Federal safety regulators have announced a proposed 'brake-throttle override' requirement for motor vehicles with the hope of reducing unintended acceleration incidents.

"America's drivers should feel confident that anytime they get behind the wheel they can easily maintain control of their vehicles—especially in the event of an emergency," said U.S. Transportation Secretary Ray LaHood. "By updating our safety standards, we're helping give drivers peace of mind that their brakes will work even if the gas pedal is stuck down while the driver is trying to brake."

This proposal is due to research conducted by the National Highway Traffic Safety Administration (NHTSA).  The goal is to minimize the risk that drivers will lose control of their vehicles as a result of either accelerator control system disconnections, accelerator pedal sticking, or floor mat entrapment.  Unintended acceleration complaints have been reported for years and most are never resolved by engineers, attributing them to misplaced feet.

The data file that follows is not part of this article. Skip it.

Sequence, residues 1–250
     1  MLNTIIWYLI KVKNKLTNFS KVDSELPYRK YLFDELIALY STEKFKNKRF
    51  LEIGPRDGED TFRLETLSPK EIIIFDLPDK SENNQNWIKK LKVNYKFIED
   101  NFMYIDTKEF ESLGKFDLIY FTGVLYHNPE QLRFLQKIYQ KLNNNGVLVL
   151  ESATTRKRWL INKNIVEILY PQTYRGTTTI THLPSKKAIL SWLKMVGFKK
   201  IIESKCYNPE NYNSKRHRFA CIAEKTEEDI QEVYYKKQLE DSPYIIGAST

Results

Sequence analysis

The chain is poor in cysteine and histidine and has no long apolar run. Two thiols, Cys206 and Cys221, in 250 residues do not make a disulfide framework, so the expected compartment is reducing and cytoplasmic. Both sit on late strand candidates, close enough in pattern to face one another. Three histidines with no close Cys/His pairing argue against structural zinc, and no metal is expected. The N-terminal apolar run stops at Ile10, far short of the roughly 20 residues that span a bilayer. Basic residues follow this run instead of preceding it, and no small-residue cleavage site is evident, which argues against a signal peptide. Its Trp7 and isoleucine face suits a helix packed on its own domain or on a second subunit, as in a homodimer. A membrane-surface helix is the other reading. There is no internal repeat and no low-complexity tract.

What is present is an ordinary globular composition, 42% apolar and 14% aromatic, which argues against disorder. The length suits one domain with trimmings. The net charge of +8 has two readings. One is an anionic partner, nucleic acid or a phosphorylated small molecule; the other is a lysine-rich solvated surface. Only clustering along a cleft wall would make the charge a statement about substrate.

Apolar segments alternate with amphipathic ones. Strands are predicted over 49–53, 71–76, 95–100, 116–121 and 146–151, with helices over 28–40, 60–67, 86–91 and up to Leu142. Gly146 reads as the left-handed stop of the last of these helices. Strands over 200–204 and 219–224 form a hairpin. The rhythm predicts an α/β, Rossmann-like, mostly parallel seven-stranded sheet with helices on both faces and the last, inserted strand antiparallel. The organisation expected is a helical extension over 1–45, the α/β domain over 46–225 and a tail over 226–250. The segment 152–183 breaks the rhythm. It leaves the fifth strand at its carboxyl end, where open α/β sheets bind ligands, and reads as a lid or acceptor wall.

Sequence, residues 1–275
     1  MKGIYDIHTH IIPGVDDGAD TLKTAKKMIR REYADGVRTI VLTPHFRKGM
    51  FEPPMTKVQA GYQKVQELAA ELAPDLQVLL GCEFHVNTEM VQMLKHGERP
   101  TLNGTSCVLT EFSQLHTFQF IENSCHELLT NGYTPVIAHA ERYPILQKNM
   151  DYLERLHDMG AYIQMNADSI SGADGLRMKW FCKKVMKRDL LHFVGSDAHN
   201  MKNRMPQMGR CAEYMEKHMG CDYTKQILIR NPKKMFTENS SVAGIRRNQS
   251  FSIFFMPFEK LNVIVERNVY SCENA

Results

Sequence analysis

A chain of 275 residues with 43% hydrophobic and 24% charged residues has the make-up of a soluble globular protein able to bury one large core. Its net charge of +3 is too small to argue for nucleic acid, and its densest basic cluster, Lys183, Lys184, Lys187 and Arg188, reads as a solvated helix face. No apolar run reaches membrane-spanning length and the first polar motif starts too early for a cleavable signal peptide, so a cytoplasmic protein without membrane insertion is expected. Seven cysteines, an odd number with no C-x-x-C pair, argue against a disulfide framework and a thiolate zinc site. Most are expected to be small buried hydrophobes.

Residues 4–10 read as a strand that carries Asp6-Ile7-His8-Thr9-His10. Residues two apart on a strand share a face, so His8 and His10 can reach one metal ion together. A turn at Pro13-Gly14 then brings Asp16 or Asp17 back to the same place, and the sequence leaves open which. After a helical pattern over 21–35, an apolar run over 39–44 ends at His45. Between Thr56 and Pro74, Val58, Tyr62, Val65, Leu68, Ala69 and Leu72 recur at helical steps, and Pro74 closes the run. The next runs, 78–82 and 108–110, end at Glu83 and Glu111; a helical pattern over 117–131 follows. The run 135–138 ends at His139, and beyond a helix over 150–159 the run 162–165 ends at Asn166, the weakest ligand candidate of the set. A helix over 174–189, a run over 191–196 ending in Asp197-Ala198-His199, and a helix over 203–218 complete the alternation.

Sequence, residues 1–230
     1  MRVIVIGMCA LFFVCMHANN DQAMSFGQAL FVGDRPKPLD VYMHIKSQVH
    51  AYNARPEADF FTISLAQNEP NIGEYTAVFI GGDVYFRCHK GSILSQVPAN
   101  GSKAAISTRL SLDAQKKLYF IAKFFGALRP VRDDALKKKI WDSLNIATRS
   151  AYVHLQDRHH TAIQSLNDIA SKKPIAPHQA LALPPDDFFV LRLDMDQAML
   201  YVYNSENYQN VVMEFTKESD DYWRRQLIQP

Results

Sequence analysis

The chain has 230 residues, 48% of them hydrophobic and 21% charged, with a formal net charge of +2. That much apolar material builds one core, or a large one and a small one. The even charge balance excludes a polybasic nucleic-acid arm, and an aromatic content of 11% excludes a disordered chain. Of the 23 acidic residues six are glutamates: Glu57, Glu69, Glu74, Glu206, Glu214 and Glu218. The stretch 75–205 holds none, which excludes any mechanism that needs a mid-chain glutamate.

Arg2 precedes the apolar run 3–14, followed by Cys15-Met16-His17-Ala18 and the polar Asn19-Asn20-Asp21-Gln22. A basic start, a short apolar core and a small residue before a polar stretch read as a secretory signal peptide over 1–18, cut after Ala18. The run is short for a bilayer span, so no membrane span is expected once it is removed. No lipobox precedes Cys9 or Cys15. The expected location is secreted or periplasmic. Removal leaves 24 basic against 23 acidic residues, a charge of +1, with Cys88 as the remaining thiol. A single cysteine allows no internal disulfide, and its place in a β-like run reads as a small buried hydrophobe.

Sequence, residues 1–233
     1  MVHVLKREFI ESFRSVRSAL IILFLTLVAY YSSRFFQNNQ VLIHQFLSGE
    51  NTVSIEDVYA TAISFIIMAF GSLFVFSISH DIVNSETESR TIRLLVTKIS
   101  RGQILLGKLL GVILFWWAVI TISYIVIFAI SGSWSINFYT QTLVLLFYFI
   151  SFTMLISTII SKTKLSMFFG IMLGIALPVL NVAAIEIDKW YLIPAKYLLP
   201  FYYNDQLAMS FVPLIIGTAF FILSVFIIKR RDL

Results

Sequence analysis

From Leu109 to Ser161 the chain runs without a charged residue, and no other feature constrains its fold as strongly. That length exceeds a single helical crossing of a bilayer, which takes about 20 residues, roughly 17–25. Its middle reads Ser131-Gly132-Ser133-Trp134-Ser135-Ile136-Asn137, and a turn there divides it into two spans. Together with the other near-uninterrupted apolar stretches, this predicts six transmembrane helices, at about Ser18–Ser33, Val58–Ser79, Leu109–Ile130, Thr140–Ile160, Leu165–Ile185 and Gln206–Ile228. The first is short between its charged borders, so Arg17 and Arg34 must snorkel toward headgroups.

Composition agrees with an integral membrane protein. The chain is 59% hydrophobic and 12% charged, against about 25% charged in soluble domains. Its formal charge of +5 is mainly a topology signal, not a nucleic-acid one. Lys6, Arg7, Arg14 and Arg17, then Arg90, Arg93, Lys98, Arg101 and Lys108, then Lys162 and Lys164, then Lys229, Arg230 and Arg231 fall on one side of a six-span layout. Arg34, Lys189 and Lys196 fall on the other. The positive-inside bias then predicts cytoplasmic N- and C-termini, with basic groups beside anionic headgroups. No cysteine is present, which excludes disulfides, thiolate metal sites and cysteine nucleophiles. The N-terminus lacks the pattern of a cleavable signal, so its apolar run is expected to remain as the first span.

"We learned as part of the comprehensive NASA and NHTSA studies of high-speed unintended acceleration that brake override systems could help drivers avoid crashes," said NHTSA Administrator David Strickland. "While NHTSA's defect investigation program will continue to monitor and consider consumer complaints of any potential vehicle safety issues, this proposal is one way the agency is helping keep drivers safe and continuing to work to reduce the risk of injury from sticky pedals or pedal entrapment issues.